Soon after Vasco da Gama reached India in 1498, Portugal came to dominate the Asian spice trade. By 1599, however, Dutch merchants had begun to challenge the lucrative monopoly. The Portuguese retaliated by harassing natives who did business with the Dutch and by killing and torturing Dutch traders.
In 1602, Jacob van Heemskerck led a fleet of eight ships to the East Indies on a trading expedition. When he arrived, he learned about the Portuguese terror campaign to drive the Dutch from the spice trade and decided to punish the wrongs committed against his countrymen.
Heemskerck attacked the Portuguese carrack Santa Catarina (shown here at center in the only known contemporary depiction) on February 25, 1603 off the coast of Singapore. He seized the ship and hauled it to Amsterdam. where His employer auctioned its cargo for 3.5 million silver guilders. To defend the seizure, the Dutch East India Company hired a young lawyer named "Hugo Grotius."
Hugo Grotius, depicted here at age 15, was a prodigy who so impressed the King of France with his erudition that Henry III dubbed him the “Miracle of Holland.” Here he holds the gold medal received from the French king.
Grotius, shown here at 16, worked as a lawyer but hated the job. “You know not, my worthy Hensius,” he wrote to his friend, “of how much time the ungrateful practice robs me.” Nevertheless the legal challenge of defending Heemskerck’s seizure fascinated him, and he spent more than two years writing a five-hundred-page treatise.
Grotius’ power in Dutch politics grew until he was convicted of heresy and sentenced to life imprisonment in 1618. He was imprisoned in Loevestein castle, accompanied by his wife and children. Grotius escaped after three years by hiding in a chest carried out of his cell by unsuspecting guards.
Though Grotius never published his defense of Heemskerck, it became the starting point for his greatest work, The Rights of War and Peace. In it, Grotius defended the view that war was a legitimate tool for enforcing legal rights.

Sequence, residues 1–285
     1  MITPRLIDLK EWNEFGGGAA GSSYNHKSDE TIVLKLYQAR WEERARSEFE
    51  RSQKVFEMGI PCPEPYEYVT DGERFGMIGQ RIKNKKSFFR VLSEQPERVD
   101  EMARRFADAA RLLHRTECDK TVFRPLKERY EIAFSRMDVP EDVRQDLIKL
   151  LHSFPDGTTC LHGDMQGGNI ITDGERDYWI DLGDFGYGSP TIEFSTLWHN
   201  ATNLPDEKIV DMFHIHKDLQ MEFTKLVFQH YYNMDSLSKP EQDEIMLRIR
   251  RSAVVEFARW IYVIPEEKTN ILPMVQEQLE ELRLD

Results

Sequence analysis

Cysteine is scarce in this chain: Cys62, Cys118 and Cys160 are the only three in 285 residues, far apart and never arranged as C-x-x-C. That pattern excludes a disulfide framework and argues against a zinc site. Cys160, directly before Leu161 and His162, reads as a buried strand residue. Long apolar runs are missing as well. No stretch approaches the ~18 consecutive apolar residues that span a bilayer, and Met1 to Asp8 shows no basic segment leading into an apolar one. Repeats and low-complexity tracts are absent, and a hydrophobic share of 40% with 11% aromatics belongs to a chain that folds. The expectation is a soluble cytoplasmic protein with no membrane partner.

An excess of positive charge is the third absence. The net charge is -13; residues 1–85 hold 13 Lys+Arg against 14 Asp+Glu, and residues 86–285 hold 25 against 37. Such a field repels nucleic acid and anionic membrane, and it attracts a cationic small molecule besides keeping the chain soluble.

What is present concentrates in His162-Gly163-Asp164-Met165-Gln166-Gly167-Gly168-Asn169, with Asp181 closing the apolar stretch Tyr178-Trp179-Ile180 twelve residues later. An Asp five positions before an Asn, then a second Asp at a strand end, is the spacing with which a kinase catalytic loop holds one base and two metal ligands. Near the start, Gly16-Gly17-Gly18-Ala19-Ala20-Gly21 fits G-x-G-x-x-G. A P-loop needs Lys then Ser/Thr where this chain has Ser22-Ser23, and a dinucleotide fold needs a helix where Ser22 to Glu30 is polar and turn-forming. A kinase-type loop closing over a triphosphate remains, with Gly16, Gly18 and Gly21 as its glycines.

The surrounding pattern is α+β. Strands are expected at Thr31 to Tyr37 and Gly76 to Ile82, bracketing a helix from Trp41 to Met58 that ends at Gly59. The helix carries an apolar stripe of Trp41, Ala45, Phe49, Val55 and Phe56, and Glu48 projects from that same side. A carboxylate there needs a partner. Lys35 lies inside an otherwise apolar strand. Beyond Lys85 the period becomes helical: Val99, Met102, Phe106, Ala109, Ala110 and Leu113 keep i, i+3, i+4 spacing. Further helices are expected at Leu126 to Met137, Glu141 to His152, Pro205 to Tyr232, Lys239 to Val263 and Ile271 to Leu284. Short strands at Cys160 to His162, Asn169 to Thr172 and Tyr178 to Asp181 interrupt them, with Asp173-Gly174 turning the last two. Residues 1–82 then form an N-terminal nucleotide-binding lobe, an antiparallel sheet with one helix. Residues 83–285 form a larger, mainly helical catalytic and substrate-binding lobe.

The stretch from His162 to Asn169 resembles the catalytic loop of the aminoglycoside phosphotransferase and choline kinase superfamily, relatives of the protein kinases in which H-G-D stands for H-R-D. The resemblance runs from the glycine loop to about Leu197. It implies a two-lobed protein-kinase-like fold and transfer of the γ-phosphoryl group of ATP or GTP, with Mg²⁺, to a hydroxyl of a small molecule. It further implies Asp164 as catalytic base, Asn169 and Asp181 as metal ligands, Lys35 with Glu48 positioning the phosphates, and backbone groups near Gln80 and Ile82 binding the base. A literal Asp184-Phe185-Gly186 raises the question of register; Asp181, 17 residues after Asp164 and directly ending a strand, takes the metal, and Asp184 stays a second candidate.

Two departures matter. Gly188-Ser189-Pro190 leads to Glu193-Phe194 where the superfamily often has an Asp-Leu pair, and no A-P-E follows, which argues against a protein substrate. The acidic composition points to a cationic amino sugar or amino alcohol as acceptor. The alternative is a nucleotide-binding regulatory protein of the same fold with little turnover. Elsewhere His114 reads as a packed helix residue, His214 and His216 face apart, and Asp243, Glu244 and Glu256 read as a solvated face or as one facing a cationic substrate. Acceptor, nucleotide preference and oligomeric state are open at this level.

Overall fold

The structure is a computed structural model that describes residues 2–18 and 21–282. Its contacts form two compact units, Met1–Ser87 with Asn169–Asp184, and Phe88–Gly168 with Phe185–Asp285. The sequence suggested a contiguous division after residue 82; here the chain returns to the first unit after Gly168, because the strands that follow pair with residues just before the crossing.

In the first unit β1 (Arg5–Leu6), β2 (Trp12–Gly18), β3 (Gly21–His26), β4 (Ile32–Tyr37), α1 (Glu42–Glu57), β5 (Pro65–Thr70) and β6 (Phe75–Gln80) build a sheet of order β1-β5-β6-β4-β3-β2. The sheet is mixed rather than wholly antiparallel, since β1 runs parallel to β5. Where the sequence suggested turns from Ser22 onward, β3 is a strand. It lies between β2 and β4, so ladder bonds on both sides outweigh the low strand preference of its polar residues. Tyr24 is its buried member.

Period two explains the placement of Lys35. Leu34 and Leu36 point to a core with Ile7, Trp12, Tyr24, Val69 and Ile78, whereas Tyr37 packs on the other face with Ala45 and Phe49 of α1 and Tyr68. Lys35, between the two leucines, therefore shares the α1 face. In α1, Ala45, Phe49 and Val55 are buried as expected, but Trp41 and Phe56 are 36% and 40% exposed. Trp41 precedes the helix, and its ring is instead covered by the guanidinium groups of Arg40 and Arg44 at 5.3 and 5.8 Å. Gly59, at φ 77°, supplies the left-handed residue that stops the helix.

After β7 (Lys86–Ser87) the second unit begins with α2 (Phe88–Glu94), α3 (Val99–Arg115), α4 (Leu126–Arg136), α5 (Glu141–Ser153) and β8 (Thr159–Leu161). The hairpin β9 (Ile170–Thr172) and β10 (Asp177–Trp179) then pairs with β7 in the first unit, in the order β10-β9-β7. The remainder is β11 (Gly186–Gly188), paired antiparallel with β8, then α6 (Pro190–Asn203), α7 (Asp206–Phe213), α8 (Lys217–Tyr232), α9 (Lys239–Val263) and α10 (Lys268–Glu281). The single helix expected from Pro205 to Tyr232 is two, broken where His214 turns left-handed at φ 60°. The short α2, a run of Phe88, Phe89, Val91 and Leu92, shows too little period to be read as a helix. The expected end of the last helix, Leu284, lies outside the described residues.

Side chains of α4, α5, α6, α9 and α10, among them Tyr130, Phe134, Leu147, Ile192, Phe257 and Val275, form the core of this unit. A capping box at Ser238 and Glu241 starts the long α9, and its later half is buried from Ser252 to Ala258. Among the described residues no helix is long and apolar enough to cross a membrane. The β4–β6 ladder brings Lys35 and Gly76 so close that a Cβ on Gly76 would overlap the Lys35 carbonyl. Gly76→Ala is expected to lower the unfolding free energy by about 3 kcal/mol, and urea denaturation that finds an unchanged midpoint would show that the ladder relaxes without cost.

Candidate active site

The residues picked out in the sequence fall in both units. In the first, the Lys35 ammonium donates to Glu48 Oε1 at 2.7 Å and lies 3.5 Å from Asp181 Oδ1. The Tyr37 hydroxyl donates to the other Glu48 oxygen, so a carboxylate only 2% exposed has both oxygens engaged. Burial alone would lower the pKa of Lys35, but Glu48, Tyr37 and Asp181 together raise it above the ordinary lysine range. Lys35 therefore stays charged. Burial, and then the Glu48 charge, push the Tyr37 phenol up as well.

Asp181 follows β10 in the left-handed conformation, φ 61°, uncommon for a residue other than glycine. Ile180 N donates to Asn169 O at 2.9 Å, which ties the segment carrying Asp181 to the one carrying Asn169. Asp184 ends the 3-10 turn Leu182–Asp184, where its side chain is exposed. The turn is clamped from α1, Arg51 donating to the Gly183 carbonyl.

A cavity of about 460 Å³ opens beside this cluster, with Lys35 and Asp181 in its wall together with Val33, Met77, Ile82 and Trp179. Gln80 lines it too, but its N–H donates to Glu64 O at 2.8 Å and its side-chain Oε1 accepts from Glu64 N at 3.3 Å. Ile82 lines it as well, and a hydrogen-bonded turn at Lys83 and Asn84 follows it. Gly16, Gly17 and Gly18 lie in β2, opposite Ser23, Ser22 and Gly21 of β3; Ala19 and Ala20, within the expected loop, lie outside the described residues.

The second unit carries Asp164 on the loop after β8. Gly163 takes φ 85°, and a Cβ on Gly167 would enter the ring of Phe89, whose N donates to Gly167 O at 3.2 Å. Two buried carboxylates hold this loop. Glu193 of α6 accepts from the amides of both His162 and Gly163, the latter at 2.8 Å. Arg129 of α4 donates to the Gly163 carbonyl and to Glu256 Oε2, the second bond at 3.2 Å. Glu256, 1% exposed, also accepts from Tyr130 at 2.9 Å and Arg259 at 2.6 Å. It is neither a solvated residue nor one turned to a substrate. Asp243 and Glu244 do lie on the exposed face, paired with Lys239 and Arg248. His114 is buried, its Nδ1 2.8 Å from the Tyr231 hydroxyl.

Grotius has been celebrated in the centuries since his death as not only the “father of international law,” but also as a source of legal and moral guidance. He even appears in the U.S. House of Representatives Chamber, where his marble image is among 23 “Lawgivers” that circle the upper walls of the galleries, together with Moses, Hammurabi, and Thomas Jefferson.
From at least the fifteenth century, sovereigns who went to war published “manifestos” setting out their “just causes.” The first known war manifesto was written for Maximilian I, soon to be the Holy Roman Emperor. The first line reads: “No one does not know that the French are Roosters.”
Maxmillian I’s manifesto defended his resort to arms on the grounds that the French king, Charles VIII, stole his wife, Anne of Brittany (shown here praying). Her marriage to Maximillian I was annulled by the pope so she could marry the French King Charles VIII (the “rooster” from the first line of the previous manifesto). She continues to be celebrated in Brittany.
According to Grotius’s theory of “just war,” conquest and booty-taking were both perfectly legal as long as the war was fought for a “just case.” In his series of drawings entitled “Miseries of War”, Jacques Callot attempted to convey the horrors of booty-taking.
The laws of war used to protect sovereigns and soldiers from prosecution for mass murder in war, including slaughter of innocents. On May 1, 1631, the Catholic forces of the Holy Roman Emperor sacked and destroyed the Protestant city of Magdeburg after it refused to surrender to a seige. In his message to the Emperor, Count Pappenheim celebrated the victory: “I believe that over twenty thousand souls were lost.… All of our soldiers became rich. God with us.”
The legal rule protecting soldiers in a war could backfire. In 1602, the Duke of Savoy assembled 2,000 men at night for a surprise attack on Geneva. They managed to scale the outer wall, but became trapped in the space between it and the city’s inner wall. Because the Duke had not declared war, the captured men were hung as common thieves, their heads severed and displayed atop poles on the ramparts facing Savoy.